Screenwriter Blake Snyder and his Save the Cat method really made the term/lingo “B” story and “A” story super popular. And I think sometimes that damn “B” story gets us all confused a bit, right?
So, basically let’s just go over the terms first.
What the heck is an A story and a B story?
The A story is the book or movie’s big essence. People call it the “dramatic” core. It is the big plotline that the hero of the story follows on her journey.
The B story is the subplot basically. It supports the “A” story. It sometimes feels absolutely unrelated.
The FlyingWrestler blog defines it.
“It’s a secondary story that has its own beginning, middle and end, and is focused on its own problem, separate from but intertwined with the A Story.”
The scriptmag writes ,
“The B Story is your character’s secondary motivation or mission – the OTHER thing they have to accomplish. Your B Story may be a second problem or issue that your main character has to fix. And while your A-Story presents itself at the inciting incident and is solidified at the end of the first act with the acceptance of the adventure, your B-Story often can’t be identified UNTIL the second act begins, because it’s what is illuminated by the adventure beginning.
The FlyingWrestler blog again says,
“Just like the main A Story, the B Story’s main character should have a problem involving something external, which has its own significant life stakes. That means the problem isn’t only an internal issue, involving their need to grow and change in some way.”
So, the question becomes: Does my story have a B story? Or is it all A?
You don’t have to have a B story, but it can be helpful.
“The classic use of B Story in a movie is a romantic relationship that is secondary to a non-romantic A Story. The potential romantic partner often pressures the main character, intentionally or not, to deal with their “stuff,” and consider changing. But as with most such internal growth, the character doesn’t engage in it willingly, with “growth” as the goal. No, characters (like real people) tend to avoid change, until really significant external problems force them into it. Typically the pressures of both the A and B Story problems combine to do that. But even then, the hero usually doesn’t really change until some key moment in the final act where they (usually) snatch victory from the jaws of defeat.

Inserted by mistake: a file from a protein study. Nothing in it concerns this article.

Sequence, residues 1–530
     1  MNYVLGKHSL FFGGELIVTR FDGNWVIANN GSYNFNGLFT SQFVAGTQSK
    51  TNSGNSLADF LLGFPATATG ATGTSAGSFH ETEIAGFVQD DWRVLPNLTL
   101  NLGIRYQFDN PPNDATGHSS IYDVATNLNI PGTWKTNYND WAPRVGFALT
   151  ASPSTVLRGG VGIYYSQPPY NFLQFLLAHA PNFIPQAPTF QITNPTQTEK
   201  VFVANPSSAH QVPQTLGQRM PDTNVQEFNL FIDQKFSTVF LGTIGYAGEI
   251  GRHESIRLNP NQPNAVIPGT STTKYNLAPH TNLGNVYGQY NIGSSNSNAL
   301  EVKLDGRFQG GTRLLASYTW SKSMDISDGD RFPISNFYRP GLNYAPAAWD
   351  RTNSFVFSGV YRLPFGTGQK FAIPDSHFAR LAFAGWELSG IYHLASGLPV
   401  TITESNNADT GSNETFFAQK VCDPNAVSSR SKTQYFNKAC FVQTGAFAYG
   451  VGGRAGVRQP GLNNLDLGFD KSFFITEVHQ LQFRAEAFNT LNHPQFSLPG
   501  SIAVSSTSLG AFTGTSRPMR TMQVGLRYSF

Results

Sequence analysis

“But first, both A and B Story usually reach a rock bottom “All is Lost” moment. So if the B Story is about a relationship, it’s usually broken and over at that point, as are the main character’s hopes for their A Story goal. They will have one last chance to try to solve both in the final act.Flying Wrestler
If the B Story is a romantic relationship, something has to be in the way of it. It has to be focused on a conflict, and not going well. If two people fall for each other and get together and have a lot of sex, etc., without some looming threat to the relationship, that’s not a story. That’s a positive development for the main character. And we audiences get bored by positive developments. We thrive on problems and conflicts.
Scriptmag gives a great example:
The Wizard of Oz – Dorothy’s A-Story is to find the Wizard and get home, but the B-Story becomes helping Oz and her new friends. She had no idea she was going to have to do that until the adventure began.
Usually when a crisis happens the B story acts like John Wayne in a movie and comes in and saves the A story. They merge and the reader goes, “Ah! They were connected the whole damn time. Doh!”
This is true about life, too, right? We all want to become writers, but then we have this B story of another career or self-sabotage and we might resist it, and then it’s like? Will our B story come save our A story?
But that’s about us as writers, not our actual books. So let’s get back to that.
The B story or subplot changes how your reader sees the main plot, right?
What does the B story actually do for you? Because it’s all about you, right? Of course it is!
It allows you to bulk out your story, but it can sometimes add too much bulk to your story.
It can help with pacing and structure. It’s especially helpful if you make things really dangerous for those minor characters early on while things are kind of still in the set-up for the main characters. This is a bit of a variant from Snyder’s plot form, which tends to insert that B Story at the end of act one.
It allows you to skip boring scenes in the A story sometimes. How does it do that? By creating a jump to another character or another moment/interest.
If you do use other characters to carry that B story, then you have to make sure the reader is interested enough in those other characters. Like in Lord of the Rings. Tolkein puts everyone into smaller units. They each get their own goals. Each group gets their own plotlines. And in the finale every one of those groups matter.
WRITING TIP OF THE POD
Don’t be afraid to be complicated. A good novel isn’t a picture book and you want there to be a subplot.
DOG TIP FOR LIFE
Don’t be a one-trick wonder. Have multiple goals and live life to the fullest. Don’t just be an A story.
THINGS WE TALKED ABOUT IN RANDOM THOUGHTS
For more about Lego theft, check out here on NPR.
More about UFOs? Check out this NYT article.
Here’s the Flying Wrestler’s take that we’ve quoted.
And the peeping-tom goat is all here.
The music we’ve clipped and shortened in this podcast is awesome and is made available through the Creative Commons License.
Here’s a link to that and the artist’s website. Who is this artist and what is this song? It’s “Summer Spliff” by Broke For Free.
And we have a new podcast, LOVING THE STRANGE, which we stream live on Carrie’s Facebook and Twitter and LinkedIn on Fridays. Her Facebook and Twitter handles are all carriejonesbooks or carriejonesbook.
Here’s the link. This week’s podcast is all about strange habits.